One of the biggest complaints therapists have is lack of portability from one state to another. This is a real problem due to the total mish-mash of licensing laws successfully lobbied for by AMTA with no plan, rhyme or reason to them other than to get something, anything passed. While done with good intentions, the lack of a strong piece of model legislation and guidance from national, coupled with inexperience in legislative processes and statute language by local volunteers, has resulted in too many laws that inhibit the profession instead of enhancing it. AMTA says it supports portability, yet it has made it almost impossible. Passing more arbitrary hours standards and creating more fiefdoms of unique hours and requirements is just making a bigger mess than we already have. STOP IT! You've made a big enough mess that is going to be very difficult to fix as it is. Sit down, back off and let the pros take this over. You mean well, but you know not what you are doing.
The Federation of State Massage Therapy Boards is currently working on a piece of model legislation to improve the profession and bring about a well thought-out law that all states can work toward, to bring about portability and standardization of our profession's licensure laws. PLEASE stand down and allow them the time and space to get this document created. Then use your energy, enthusiasm and resources to support them in getting it universally passed and implemented. The result will be a much more beneficial, enabling system of regulation that will actually benefit individual therapists, particularly with scope of practice and portability.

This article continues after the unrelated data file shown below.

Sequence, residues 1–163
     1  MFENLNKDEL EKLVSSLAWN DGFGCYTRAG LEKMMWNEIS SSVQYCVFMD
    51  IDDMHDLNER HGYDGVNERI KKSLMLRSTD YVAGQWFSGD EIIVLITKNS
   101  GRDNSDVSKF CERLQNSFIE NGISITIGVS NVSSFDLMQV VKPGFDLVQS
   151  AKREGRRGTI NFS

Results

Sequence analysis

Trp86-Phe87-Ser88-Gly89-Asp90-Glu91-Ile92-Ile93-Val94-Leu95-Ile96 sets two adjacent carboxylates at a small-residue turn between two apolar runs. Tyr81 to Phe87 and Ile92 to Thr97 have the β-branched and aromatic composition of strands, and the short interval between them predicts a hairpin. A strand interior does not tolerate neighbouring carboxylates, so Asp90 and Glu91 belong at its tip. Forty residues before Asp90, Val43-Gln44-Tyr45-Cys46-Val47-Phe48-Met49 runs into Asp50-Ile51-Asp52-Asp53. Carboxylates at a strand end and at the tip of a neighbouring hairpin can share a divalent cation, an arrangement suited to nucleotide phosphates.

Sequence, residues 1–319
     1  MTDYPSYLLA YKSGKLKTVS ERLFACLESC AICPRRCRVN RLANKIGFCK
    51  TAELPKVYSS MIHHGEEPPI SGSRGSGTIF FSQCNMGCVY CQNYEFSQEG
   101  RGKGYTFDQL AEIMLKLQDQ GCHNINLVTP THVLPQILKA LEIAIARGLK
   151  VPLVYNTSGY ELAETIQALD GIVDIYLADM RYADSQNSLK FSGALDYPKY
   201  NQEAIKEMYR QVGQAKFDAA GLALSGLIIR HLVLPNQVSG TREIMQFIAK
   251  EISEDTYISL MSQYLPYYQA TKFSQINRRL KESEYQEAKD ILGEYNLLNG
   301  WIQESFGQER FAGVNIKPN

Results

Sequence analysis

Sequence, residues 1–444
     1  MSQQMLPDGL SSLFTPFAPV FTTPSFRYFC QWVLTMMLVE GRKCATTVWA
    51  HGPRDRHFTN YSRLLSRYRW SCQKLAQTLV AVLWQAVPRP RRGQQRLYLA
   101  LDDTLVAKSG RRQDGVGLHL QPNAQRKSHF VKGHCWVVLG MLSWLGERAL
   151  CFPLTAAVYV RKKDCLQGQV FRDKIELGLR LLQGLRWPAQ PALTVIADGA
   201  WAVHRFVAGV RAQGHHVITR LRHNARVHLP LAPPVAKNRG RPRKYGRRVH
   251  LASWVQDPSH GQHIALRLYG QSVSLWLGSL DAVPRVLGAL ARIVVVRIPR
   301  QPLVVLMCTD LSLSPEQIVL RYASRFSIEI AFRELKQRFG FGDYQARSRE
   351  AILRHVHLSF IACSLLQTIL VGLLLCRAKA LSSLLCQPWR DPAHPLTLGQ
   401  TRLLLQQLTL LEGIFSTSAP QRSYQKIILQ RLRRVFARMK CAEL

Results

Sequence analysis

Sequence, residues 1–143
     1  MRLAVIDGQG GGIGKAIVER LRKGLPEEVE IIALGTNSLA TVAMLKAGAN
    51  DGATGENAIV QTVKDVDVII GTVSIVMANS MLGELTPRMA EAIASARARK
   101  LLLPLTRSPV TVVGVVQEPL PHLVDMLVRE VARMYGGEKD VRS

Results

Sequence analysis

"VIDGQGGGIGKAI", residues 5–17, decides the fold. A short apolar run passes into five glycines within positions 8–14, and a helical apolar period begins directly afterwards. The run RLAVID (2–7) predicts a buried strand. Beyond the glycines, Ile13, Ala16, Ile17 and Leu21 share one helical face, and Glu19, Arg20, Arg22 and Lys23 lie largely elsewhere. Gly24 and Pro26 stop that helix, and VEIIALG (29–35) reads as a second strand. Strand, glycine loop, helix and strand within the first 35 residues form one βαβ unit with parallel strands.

It Can Happen Here, Probably Will
People have lost access to hundreds of over the counter herbal medicines in Jolly 'Ole England recently as European regulations came into force. Sales of all herbal remedies, except for a small number of popular products for "mild" illness such as echinacea for colds and St John's Wort for depression have been banned in the European Union.
For the first time, traditional products must be licensed or prescribed by a registered herbal practitioner. The British Government, "wanted to ensure continuing access to unlicensed herbal medicines via a statutory register for practitioners to meet individual patient needs."
However, most remedies were lost as it was only open to those who could afford the licensing process, which costs between #80,000 to #120,000. At least 50 herbs, including horny goat weed (so-called natural Viagra), hawthorn berry, used for angina pain, and wild yam will no longer be allowed to be stocked in health food shops, says the British Herbal Medicine Association.